Every year, the SAMHSA designates September as National Recovery Month and we
can’t think of a better time to think about the 21 million Americans suffering from
addiction. However, it is also crucial that we consider the families and loved ones of
those suffering from addiction and the adverse effects the disease can have on them.
In honor of National Recovery Month, let’s take a look at the major traits that family
members share with loved ones suffering from addiction.
Impaired Control and Need for Control
More often than not, we believe that addictions are caused by a lack of willpower or
intelligence in the addict. And although this is not true in the least, it still causes family members and loved ones to think that they know best for the addict and that the disease can be defeated by simply showing them the right way home.
This is not only unhealthy for you as a loved to try and control them, but it can actually inadvertently push the addict away and deeper into their addiction.
Obsession With Addiction/Addict
As the addict sinks further and further into their obsession, family members become
more obsessed with the addict as well. If you’re a parent and your child is suffering from addiction, you may struggle to think of anything else. You may even find that your daily conversations steer towards your loved one, even if the conversation is completely unrelated to them.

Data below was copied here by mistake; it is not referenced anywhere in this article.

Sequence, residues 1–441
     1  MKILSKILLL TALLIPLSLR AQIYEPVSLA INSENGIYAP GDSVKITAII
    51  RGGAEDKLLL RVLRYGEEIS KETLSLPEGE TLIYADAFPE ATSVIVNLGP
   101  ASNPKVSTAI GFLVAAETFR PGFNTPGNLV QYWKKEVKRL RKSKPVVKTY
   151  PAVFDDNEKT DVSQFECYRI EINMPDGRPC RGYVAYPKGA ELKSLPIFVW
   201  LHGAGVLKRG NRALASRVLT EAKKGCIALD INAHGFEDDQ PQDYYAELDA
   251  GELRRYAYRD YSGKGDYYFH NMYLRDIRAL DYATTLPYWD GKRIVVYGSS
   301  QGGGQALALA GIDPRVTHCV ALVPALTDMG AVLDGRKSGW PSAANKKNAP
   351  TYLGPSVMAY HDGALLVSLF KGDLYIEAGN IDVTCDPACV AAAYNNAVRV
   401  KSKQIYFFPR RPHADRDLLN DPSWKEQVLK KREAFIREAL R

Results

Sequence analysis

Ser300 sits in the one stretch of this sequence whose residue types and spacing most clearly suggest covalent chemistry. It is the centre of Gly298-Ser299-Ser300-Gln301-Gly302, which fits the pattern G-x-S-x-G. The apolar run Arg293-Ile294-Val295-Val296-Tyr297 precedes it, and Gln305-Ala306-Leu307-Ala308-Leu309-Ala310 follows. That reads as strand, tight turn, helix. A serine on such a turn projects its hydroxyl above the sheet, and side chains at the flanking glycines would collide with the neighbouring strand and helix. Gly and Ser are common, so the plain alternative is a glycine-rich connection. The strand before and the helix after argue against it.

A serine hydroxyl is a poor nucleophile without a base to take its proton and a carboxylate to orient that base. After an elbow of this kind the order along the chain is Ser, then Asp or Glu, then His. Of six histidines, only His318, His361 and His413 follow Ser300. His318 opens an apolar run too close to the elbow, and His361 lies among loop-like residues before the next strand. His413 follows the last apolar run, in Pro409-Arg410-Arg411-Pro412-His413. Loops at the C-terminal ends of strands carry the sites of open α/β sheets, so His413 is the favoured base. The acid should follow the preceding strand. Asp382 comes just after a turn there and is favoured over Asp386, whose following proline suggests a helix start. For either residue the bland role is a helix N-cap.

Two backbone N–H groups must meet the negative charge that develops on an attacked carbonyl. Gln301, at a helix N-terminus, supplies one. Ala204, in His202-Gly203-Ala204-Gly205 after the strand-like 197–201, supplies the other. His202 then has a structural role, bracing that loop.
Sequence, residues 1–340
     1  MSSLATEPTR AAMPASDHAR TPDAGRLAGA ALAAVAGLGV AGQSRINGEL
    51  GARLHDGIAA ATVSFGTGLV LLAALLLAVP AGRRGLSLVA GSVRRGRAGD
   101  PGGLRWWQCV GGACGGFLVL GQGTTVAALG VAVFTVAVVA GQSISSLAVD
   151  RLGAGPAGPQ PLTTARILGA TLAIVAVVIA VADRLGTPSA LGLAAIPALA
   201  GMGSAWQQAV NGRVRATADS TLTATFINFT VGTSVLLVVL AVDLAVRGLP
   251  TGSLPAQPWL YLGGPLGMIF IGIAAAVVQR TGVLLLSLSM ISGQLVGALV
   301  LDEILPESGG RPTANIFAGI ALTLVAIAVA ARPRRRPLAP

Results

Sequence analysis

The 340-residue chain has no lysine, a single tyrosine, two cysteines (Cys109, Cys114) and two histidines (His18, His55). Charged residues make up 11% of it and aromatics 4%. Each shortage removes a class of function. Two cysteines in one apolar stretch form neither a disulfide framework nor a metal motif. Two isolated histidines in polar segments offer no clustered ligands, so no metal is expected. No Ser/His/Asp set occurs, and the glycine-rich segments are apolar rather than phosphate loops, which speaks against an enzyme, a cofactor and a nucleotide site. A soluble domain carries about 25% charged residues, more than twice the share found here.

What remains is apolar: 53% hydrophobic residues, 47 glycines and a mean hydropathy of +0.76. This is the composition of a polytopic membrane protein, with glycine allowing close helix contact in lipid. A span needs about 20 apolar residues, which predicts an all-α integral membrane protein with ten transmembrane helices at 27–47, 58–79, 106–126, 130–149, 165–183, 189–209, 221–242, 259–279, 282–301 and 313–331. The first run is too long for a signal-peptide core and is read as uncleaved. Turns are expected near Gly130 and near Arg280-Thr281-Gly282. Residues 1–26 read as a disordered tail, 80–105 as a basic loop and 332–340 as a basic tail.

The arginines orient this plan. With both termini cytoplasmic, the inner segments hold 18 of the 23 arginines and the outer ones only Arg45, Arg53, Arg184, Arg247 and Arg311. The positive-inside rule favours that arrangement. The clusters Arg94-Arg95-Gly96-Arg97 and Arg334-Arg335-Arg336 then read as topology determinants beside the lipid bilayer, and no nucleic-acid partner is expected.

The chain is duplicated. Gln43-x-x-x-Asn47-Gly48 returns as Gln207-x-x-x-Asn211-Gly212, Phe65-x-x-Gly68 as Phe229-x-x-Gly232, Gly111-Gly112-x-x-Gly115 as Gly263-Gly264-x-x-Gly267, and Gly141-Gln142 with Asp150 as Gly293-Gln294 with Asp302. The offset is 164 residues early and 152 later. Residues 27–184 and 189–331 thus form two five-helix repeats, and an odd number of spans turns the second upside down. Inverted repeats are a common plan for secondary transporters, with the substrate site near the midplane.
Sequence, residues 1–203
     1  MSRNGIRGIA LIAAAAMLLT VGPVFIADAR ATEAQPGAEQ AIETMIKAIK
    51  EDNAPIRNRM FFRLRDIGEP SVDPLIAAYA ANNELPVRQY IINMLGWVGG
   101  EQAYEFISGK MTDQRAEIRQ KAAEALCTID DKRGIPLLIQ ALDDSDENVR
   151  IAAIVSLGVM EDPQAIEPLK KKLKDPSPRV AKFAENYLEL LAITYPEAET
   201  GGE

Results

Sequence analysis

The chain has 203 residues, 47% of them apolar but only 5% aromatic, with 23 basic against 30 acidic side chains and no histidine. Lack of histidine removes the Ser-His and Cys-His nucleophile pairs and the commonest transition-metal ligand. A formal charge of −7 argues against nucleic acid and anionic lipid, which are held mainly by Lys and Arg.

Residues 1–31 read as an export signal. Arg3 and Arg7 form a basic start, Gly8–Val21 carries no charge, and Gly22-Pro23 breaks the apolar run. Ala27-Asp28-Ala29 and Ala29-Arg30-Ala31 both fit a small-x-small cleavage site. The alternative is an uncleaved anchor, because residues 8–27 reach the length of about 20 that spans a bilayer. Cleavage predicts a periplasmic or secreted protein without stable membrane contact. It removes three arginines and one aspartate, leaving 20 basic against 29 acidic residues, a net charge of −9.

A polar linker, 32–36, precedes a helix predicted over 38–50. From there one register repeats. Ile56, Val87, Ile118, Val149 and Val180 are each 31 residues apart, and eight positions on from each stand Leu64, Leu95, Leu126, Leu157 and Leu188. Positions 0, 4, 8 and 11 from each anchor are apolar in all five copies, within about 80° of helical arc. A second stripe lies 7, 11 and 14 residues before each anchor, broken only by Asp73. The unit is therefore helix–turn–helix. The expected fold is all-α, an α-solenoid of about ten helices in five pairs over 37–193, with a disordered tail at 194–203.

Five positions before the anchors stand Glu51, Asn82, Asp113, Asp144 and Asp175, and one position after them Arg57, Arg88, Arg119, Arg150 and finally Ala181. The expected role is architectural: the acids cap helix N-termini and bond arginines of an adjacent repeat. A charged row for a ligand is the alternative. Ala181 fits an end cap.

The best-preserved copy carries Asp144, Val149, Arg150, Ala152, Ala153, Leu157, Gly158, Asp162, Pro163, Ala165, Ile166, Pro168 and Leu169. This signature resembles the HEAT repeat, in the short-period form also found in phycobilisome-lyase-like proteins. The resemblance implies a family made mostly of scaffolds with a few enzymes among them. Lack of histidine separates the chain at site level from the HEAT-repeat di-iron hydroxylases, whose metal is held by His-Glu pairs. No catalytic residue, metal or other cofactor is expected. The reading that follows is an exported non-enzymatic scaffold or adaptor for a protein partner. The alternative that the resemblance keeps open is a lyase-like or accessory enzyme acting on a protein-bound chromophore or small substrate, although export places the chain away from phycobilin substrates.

When you’re battling with an addiction, it becomes easier to explain to yourself why you may do things that are dangerous or illegal to feed your addiction. You may think that the traumas you’ve experienced warrant the necessary coping mechanisms. Well, this behavior can also extend to family members who are struggling to come to terms with the situation.
We understand the love you feel for your family member and how much you want to
help me them, but making excuses and enabling their behavior does not make the
situation any better and can harm your life just as much as it does theirs.
Whether it’s alcoholism, substance abuse, or gambling, addictions of any kind can harm the family of the addict just as much as the addict themselves. If you or a loved one is interested in getting on the path to recovery, give our physicians a call today at 317-763-2131 or visit us online and see what the medical experts at Westfield Premier
Physicians can do for you.